Because the hospital is a cancer center, "we explain to them that they might be at higher risk of confusion—this could be cancer tumor–related; chemotherapy can increase confusion—and also our patients can become very sick really quick at times during treatment, so they're more at risk of falling," says Bertini. "Empowering patients and family members from the get-go that they might become more confused and explaining the plan on how we'll work together as a team to address it immediately decreases anxiety of both the patient and their family members."
The program brought about some upgrades and continuous improvement plans to continue to achieve 100% accuracy. The facility replaced every bed in the hospital with new ones that have bed alarms. The beds now ring to the nurses' station so nursing staff will know right away if a patient is out of bed.
"We also educate the patient and family members so they know what those alarms are for—any alarm without explanation causes anxiety," says Bertini.
Every patient gets checked in on at least every hour and more often if they are at a higher risk.
Although the process ties into MRP initiatives, all of those involved with the restraint-free program at CTCA agree that going restraint-free is far more universal than that.
"As the [MRP] coordinator, I'd love to say we did it for MRP, but we did it more than five years ago because it's best for our patients," says Bertini. The organization has been on the MRP journey to excellence for two years, but the restraint-free policy has been working much longer than that.
Buy-in from nurses was no trouble. "As a matter of fact, some of our staff wondered why it took us until 2005 to become restraint-free," says Bertini. "As soon as we started the program, we had a successful immediate stop. Nurses were very proud and happy to have permission to go restraint-free."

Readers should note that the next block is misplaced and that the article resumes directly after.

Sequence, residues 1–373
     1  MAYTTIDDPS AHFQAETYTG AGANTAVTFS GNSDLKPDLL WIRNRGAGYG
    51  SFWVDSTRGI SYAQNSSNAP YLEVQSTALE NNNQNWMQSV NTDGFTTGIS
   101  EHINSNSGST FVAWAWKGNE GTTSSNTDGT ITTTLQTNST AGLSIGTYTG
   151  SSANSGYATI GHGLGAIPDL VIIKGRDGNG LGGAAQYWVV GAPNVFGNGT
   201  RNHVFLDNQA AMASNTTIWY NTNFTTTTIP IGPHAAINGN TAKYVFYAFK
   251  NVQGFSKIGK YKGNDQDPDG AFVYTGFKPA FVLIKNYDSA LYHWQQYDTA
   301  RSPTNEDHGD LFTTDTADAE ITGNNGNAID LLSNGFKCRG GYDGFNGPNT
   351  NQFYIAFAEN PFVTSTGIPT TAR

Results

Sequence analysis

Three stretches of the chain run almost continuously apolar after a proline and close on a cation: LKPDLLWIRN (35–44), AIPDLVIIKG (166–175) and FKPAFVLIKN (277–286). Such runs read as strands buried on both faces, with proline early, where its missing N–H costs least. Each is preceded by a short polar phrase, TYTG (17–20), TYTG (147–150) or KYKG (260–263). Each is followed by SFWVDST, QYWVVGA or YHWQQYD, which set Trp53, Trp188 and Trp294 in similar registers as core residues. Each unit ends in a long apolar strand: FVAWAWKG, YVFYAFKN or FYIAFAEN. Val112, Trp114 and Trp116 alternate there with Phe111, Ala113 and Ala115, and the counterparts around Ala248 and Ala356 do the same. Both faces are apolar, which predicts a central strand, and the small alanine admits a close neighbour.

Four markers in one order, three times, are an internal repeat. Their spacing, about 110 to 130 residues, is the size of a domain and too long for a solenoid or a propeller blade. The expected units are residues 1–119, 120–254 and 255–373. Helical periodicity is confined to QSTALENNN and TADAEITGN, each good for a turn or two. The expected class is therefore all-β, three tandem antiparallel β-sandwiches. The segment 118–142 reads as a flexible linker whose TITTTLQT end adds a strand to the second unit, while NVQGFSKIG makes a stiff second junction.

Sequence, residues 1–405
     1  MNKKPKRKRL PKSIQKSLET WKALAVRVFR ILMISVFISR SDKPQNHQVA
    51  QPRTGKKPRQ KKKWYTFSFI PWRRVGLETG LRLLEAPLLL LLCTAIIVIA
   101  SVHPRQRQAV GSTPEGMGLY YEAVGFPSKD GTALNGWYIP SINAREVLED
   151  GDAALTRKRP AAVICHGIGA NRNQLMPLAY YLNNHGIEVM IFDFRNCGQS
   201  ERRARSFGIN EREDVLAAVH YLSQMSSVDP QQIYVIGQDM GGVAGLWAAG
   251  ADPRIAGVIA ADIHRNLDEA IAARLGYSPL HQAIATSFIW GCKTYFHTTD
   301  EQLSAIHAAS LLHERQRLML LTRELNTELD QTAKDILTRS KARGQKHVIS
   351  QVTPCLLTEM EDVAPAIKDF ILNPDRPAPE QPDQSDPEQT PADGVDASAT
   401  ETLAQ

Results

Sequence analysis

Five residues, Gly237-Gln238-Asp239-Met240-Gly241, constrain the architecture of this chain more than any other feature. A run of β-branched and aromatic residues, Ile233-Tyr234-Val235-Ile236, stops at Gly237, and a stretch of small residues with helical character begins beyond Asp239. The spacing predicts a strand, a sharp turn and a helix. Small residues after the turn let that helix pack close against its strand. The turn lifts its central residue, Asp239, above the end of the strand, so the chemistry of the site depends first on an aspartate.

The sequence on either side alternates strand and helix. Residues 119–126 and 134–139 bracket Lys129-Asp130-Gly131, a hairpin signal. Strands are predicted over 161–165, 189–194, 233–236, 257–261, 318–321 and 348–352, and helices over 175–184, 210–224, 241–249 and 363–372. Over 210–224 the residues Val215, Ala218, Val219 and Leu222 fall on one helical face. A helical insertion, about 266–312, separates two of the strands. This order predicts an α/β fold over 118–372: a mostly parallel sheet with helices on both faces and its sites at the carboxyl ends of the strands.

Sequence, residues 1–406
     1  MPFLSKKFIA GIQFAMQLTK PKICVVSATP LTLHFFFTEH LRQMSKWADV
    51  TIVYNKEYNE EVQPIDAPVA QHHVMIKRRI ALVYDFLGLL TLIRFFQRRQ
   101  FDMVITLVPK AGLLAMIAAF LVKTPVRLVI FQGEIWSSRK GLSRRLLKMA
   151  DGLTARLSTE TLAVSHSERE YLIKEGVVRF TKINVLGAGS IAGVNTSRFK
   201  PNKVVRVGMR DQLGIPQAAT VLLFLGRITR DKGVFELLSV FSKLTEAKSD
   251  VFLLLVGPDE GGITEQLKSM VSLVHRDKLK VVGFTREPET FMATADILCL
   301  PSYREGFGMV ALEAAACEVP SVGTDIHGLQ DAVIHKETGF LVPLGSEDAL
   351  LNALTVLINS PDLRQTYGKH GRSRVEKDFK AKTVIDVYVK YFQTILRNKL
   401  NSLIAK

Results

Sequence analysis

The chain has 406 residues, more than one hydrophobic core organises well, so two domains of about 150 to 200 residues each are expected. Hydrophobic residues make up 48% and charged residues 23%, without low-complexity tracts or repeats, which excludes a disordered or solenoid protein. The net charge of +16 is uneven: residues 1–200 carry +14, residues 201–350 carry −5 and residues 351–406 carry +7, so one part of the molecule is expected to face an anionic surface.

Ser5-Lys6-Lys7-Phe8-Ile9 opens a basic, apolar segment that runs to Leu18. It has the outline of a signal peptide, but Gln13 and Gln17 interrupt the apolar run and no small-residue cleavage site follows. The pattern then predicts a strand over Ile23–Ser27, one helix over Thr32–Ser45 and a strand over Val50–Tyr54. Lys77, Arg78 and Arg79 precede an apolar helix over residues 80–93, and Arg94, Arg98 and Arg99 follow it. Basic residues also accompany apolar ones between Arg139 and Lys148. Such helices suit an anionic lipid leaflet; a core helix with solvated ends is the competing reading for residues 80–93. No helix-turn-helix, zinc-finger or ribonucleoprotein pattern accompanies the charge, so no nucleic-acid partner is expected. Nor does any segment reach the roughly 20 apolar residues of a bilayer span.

The bottom line: It worked. CTCA at Midwestern has seen a dramatic decrease in fall injury rates, which it ties directly to the no-restraint program.
"We also see increased patient satisfaction," Bertini says. "Considering how sick our patients might be at any given time, our goal is to make it as safe and comfortable as possible. We continue quality checks with the restraint-free program and report back on quality to the board."
The program also benefited CTCA at Midwestern on a recent Joint Commission survey.
"We had Joint Commission review not long ago, and the surveyors were impressed that we don't restrain our ventilated patients. They had not seen an initiative like this," says Bertini. "They were very impressed with our process improvement."
Zeta-Sanchez summarizes the success of the program in four steps.
"We are very fortunate at CTCA at Midwestern that we've got a very active hospital board," says Bertini. "The nurses know all of the hospital board members. We're very comfortable reporting back our numbers. Every month, we are able to report back great success in maintaining the restraint-free environment. There is a lot of accountability in the CTCA environment."
Tips for success